Hey, English majors. What’s good, Philosophy students? Look up from your essays, you Dean’s List, honours, high-achieving, student-leader-position-holding students. You too, you barely-passing, upset and confused students. This letter is for anyone with a dream that has been squashed by two decades of being told that it was wrong, useless, or impractical. I’m about to tell you what’s up.
You know what? I’m tired of being in business school. That’s right, Internet. I’m tired of listening to people teach me how to make money. Business is the pursuit of maximum profit and I have never been one to do such a thing. Sure, money is important in a capitalist country and money does need to flow from somewhere. I believe that business holds an important place in society. I just have little desire to formally contribute.
That’s what I find awesome about Arts & Humanities majors. Few people sign up for an English program for the money. Few people decide to write a dissertation about ancient eating habits for the money. Few people study French to buy multiple large houses, have multiple luxury cars and have multiple children who have multiple large houses and multiple luxury cars purchased for them in advance.
We do not study the Arts & Humanities for the money.
Money, in any amount, is more of a side effect of whatever we choose to do with our degrees. So why do we introduce ourselves with, “I’m a philosophy major, but don’t worry, I’m going to law school afterwards” or “I’m a writing major and I know it was a stupid decision but that’s what I’m stuck with”? I’m disgusted by our responses to questions like “what are you doing with your life?” and “do you want me to hire you as my secretary when you grow up?”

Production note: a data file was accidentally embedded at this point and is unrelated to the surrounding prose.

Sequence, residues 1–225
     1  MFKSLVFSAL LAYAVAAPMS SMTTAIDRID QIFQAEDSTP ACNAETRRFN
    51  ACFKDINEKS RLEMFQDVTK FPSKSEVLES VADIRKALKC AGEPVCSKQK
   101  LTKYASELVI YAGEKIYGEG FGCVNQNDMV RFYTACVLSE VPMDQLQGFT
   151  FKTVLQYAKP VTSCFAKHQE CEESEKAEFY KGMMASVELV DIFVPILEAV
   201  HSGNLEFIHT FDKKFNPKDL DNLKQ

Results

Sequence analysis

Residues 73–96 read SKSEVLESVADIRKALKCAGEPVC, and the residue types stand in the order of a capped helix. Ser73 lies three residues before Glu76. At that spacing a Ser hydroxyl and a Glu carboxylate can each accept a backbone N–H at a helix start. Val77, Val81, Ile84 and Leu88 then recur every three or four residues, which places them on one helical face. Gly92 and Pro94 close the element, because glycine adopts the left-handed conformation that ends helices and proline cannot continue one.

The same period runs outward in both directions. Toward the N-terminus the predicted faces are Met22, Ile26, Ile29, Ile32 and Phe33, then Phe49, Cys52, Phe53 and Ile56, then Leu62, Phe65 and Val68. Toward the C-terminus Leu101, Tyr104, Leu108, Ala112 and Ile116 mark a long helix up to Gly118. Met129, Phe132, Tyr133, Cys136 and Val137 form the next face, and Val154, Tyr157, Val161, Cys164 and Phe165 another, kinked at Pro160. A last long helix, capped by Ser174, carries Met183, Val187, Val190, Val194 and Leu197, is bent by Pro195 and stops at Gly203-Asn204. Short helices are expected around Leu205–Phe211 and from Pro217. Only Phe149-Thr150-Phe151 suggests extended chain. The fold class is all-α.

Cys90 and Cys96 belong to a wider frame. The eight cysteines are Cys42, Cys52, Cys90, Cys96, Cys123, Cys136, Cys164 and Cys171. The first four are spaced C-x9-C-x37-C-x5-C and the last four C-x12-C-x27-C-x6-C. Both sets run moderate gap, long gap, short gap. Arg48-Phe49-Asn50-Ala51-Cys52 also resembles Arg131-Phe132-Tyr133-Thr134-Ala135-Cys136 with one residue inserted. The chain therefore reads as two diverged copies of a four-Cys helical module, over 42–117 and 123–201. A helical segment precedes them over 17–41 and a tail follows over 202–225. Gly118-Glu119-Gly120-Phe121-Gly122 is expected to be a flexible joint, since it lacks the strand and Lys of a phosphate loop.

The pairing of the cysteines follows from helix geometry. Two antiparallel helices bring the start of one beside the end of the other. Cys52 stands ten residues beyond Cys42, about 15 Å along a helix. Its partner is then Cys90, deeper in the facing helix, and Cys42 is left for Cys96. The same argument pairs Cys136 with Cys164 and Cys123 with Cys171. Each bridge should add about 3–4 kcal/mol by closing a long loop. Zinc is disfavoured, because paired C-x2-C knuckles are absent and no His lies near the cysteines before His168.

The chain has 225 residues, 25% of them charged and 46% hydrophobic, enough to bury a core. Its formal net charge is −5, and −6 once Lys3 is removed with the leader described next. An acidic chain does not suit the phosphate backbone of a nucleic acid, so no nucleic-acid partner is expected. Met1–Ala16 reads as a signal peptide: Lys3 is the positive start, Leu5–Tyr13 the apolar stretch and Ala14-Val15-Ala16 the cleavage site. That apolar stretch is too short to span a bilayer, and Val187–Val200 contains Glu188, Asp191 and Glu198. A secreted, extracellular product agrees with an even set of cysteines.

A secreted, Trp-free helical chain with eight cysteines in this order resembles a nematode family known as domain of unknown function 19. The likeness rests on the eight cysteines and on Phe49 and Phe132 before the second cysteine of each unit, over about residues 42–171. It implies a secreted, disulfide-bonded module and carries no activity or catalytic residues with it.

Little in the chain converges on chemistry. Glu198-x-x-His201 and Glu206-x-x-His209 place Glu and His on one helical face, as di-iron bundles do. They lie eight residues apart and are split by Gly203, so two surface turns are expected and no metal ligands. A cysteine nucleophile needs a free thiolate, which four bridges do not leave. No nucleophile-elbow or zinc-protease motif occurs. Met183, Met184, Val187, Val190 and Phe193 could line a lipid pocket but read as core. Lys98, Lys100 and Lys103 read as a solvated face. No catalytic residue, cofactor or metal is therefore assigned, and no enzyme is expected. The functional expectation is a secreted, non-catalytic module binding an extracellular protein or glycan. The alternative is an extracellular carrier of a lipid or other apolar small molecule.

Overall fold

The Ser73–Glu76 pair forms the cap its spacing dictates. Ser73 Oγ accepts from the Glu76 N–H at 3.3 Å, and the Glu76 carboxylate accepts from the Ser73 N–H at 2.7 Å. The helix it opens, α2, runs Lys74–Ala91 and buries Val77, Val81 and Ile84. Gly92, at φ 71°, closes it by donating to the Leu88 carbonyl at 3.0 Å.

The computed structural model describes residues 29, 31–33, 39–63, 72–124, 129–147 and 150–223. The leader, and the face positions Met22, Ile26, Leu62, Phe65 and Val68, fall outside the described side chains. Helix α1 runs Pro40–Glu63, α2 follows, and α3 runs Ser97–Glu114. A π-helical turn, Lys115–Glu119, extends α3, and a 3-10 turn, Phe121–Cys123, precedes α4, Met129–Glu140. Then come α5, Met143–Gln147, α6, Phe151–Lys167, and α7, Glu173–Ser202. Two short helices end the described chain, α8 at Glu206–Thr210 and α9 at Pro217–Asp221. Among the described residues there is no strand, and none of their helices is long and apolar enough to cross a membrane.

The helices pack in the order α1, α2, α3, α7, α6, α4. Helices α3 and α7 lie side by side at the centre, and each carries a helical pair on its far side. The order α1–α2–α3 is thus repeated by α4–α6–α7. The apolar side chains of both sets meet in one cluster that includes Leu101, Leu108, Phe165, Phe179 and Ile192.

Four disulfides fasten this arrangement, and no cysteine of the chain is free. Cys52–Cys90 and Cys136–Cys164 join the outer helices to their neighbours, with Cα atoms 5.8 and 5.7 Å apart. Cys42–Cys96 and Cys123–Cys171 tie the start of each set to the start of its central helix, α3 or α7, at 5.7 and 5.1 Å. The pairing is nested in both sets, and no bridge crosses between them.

“Haha, don’t worry about it.”
We take enough bull from people outside A&H for putting all of our time and energy into fields that aren’t financially promising. We constantly feel the need to defend our choice of major to others. So why are we making life harder for ourselves by putting ourselves down within our own circles? I can’t tell you how many times I’ve sat in an upper level philosophy class with a bunch of honours students half-heartedly making fun of themselves for choosing to live in poverty for the rest of their lives.
It’s not funny.
Chances are that you chose to study the Arts & Humanities because you had no choice. No, nobody forced you to sign up for Linguistics 101, but you thought it sounded cool and once you started, you couldn’t stop. Something inside you compels you to take those courses, read those books and walk down a road less certain. You love what you do and can’t imagine doing anything else. Hey, you really would love to study linguistics for the rest of your life.
You’re lucky to have a passion.
Don’t leave our community asking questions like “where were the students to fund the A&H programs?” and “where did all the A&H professors go?” If we live to hear those questions, it will all be our fault. We were the students that transferred out. We were supposed to be those professors. We were supposed to keep the A&H tradition alive.
The Arts & Humanities may be dying, but if our fields die in our lifetime, we’ll be the ones who killed it.
Are you an Arts & Humanities major?
Featured Image courtesy of inspector_81 via Flickr (CC-BY-SA-2.0).